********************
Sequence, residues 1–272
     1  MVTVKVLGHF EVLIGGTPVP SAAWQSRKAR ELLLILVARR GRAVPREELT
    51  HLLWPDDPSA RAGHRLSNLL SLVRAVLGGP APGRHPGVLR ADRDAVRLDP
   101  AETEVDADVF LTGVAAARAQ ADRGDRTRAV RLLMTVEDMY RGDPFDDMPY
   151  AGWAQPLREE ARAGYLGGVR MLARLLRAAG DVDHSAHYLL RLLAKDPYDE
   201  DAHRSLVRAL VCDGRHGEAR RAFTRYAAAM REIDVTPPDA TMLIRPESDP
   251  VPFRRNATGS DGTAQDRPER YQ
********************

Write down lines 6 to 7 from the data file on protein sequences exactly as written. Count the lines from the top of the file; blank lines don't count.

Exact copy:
   201  DAHRSLVRAL VCDGRHGEAR RAFTRYAAAM REIDVTPPDA TMLIRPESDP
   251  VPFRRNATGS DGTAQDRPER YQ